Searching for the Best Tacos in Utah County: Tacos CDMX
There’s little wonder that of all the foods in the culinary world, the one to lay claim to an entire day of the week is the taco. It’s simple, versatile, fresh, cheap, and in one word, sublime. No wonder Americans devour over 4 billion tacos per year.
In Utah, we have tacos stuffed with everything from fish to curry and tongue to coleslaw. There’s no doubt that on taco Tuesday, you have unlimited options to choose from.
That’s why Utah County Living has set out on a quest to uncover the ultimate, hands-down, all-around best tacos in Happy Valley. Our team started this epic journey at a taquería in Lindon called Tacos CDMX (Ciudad de Mexico)—a restaurant that is not short on charm or delicious options.
The genesis of Tacos CDMX started at the sidelines of a soccer game in Utah County, where two dads were “lamenting the lack of authentic Mexico City street-style tacos” in the area, Tacos CDMX’s website states. The restaurant had humble beginnings, with tacos being served out of a trailer for a year before the first location opened. Now, they have two restaurants in Utah County, one in Lindon ( 569 State Street, Lindon) and Provo (94 North 500 West, Provo).
“Our goal is to honor the taco in its simplest and most common form, tortilla, meat, and salsa. Not really common, just perfect,” their website states.
And that’s a goal there is no doubt they have mastered.
Since Tacos CDMX seeks to present an authentic Mexican experience and get to the core of what a taco truly represents, we thought it would be fun to indulge in a little history of the origins of this ingenious food. According to an article in the Smithsonian, one of the first known mentions of the word taco in connection with the tantalizing food we know today was in an 1891 novel The Bandits of Cold River. “This depiction stuck. Four years later, Mexican dictionaries listed tacos and credited Mexico City for their origins,” the Smithsonian article states.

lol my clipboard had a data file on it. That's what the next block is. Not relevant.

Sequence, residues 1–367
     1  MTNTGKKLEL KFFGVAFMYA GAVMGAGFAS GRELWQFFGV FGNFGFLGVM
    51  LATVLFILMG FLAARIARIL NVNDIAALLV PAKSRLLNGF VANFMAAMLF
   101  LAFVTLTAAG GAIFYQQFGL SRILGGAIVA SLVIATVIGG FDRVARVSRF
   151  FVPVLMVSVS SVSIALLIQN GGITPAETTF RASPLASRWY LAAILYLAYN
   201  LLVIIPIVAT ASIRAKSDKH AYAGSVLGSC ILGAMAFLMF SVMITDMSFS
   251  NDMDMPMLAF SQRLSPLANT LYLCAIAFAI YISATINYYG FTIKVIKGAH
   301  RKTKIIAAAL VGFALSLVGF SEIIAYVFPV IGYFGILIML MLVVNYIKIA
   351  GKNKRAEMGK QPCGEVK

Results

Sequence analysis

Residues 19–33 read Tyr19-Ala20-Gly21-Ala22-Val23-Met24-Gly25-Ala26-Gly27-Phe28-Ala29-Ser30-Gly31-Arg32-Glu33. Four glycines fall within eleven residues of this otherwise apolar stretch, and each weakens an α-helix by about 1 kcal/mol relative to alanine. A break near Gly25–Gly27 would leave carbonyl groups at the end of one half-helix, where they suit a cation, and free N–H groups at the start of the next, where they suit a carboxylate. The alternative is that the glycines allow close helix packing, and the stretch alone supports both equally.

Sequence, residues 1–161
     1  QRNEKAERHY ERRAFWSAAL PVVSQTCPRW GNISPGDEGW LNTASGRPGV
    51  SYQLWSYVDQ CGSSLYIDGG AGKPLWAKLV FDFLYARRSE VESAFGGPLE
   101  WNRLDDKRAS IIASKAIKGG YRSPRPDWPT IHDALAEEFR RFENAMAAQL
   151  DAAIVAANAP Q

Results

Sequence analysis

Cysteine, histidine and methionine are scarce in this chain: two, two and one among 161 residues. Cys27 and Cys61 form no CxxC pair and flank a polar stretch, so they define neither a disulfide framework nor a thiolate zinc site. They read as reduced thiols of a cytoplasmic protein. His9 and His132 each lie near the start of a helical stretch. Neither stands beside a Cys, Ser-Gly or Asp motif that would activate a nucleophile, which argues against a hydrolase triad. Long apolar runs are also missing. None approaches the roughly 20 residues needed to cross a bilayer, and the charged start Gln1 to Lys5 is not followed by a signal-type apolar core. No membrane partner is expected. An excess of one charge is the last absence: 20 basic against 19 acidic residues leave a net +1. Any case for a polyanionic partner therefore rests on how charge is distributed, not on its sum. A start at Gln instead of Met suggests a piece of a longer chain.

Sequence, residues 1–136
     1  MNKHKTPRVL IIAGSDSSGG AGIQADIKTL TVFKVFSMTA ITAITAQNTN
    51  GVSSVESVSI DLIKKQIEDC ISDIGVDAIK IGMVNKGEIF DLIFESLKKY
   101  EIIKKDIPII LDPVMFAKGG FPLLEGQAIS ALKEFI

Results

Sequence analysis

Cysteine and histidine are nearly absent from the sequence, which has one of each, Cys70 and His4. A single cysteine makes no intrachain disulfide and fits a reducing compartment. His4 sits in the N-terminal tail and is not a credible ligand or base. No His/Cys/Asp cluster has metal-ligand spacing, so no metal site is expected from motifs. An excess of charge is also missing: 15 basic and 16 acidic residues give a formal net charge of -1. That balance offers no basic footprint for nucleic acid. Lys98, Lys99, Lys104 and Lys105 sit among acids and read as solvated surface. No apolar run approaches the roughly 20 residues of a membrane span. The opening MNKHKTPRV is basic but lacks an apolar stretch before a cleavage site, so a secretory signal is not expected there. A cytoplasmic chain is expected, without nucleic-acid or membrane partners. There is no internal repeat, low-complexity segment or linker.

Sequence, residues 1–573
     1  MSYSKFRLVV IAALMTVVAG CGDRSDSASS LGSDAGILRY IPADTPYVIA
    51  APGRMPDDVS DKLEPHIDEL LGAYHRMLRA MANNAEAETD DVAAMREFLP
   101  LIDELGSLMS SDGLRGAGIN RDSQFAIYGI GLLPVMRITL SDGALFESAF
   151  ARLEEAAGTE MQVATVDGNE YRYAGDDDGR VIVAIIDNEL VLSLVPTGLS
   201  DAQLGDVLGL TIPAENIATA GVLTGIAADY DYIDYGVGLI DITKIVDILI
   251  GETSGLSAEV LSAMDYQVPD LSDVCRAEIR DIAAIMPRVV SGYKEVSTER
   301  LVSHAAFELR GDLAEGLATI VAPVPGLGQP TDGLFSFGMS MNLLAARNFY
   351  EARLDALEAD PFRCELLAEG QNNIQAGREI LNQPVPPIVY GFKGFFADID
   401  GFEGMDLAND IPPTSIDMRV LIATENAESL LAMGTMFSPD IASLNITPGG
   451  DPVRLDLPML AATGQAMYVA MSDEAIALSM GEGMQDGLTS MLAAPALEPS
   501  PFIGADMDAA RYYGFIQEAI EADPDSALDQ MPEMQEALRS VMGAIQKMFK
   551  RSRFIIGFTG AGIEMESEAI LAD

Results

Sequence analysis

But the history of tacos goes even deeper than that. In another Smithsonian article, Professor Jeffrey M. Pilcher, who has traveled the world studying the history and politics of Mexican food, noted:
“The origins of the taco are really unknown. My theory is that it dates from the 18th century and the silver mines in Mexico, because in those mines the word ‘taco’ referred to the little charges they would use to excavate the ore. These were pieces of paper that they would wrap around gunpowder and insert into the holes they carved in the rock face. When you think about it, a chicken taquito with a good hot sauce is really a lot like a stick of dynamite. The first references [to the taco] in any sort of archive or dictionary come from the end of the 19th century. And one of the first types of tacos described is called tacos de minero—miner’s tacos. So the taco is not necessarily this age-old cultural expression; it’s not a food that goes back to time immemorial.”
If you would like to taste some of this rich history in action, check out Tacos CDMX. Their taco options include age-old classics as well as ingredients like steak, radishes, pineapple, hog maw, birria, beef tongue, chorizo, and beef intestines. Check out their menu here.